Creating value for current clients while attracting new ones
Kevin Krzeminski: We’ve already had some really positive outcomes. We’ve been able to expose the products we’ve built to not only existing clients but also several prospective ones, which has resulted in a material impact on new-sales results much more quickly than I anticipated.
It’s really been rewarding and fulfilling for our digital team to feel that success through their interactions with both the client and our sales teams. Hearing that we’ve secured a new client and that the products they’ve built were a key contributor to that success makes them want to go even faster.
So we’re looking at that—how we should think about this differently going forward in order to make more new products available. Because we’re definitely seeing positive results from what we’ve built so far.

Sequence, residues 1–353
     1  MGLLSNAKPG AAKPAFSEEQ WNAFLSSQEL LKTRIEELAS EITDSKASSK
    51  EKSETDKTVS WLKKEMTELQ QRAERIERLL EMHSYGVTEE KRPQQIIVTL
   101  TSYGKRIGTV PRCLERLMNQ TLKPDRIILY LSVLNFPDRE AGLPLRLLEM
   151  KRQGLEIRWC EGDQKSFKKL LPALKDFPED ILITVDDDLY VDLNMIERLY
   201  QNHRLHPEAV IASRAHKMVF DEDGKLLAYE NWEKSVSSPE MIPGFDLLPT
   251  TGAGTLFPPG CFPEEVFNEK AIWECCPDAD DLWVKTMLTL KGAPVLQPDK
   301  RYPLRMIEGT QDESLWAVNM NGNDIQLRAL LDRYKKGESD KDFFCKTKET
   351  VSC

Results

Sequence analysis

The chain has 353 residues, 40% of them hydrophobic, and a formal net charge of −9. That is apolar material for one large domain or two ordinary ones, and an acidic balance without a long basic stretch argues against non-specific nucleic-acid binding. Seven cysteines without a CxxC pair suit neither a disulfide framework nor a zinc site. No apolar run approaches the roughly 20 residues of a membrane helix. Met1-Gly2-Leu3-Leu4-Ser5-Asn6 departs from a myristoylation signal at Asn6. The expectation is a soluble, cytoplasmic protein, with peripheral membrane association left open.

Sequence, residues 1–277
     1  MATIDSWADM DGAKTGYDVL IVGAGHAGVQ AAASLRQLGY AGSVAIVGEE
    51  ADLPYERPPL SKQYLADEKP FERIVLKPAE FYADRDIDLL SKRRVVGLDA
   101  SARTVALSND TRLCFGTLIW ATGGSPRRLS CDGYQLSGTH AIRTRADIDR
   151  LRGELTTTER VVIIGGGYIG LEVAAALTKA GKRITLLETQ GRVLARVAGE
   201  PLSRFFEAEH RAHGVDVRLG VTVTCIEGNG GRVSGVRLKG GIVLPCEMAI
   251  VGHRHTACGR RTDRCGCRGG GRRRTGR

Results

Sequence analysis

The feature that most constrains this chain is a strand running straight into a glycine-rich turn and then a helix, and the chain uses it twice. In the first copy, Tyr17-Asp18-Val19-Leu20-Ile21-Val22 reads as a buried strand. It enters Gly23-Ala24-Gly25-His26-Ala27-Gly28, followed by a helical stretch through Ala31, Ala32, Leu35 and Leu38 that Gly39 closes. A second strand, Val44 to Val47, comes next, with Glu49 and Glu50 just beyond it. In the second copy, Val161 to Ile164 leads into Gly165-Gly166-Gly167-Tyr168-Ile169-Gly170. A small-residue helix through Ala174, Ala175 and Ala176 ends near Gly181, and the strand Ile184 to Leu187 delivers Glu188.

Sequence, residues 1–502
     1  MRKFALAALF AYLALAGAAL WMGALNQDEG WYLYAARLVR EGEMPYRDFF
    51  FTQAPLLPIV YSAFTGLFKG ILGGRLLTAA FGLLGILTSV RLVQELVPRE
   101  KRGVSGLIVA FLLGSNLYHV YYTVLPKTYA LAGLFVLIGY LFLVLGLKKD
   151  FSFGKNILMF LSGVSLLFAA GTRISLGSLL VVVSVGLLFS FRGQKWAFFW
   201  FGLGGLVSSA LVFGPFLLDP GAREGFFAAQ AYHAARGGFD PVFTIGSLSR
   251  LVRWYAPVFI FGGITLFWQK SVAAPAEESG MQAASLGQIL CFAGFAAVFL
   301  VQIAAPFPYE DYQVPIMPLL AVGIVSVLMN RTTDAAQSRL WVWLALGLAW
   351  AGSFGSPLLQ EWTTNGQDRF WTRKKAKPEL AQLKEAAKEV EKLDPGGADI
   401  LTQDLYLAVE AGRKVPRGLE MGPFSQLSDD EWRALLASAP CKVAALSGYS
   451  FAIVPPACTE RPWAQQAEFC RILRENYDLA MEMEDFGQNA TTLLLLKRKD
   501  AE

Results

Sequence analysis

Paula Bartgis: As Kevin mentioned, not only is there significant business value from our US business and excitement in the market, but it’s also had an incredible impact on our people. We’ve seen tremendous growth in our people. Where the team is now compared to a year ago is just remarkable.
Training, coaching, and mentoring talent
Paula Bartgis: Talent is our foundation. It’s the most important thing. So as we’re thinking about our client journeys, as well as our own journey transitioning to a digital enterprise, we’re asking ourselves which roles we need to be successful. How do we take our existing talent and train, coach, and mentor them through the transition? Where do we need to supplement some of that talent? Where do we need to bring expertise in to help teach back to the organization?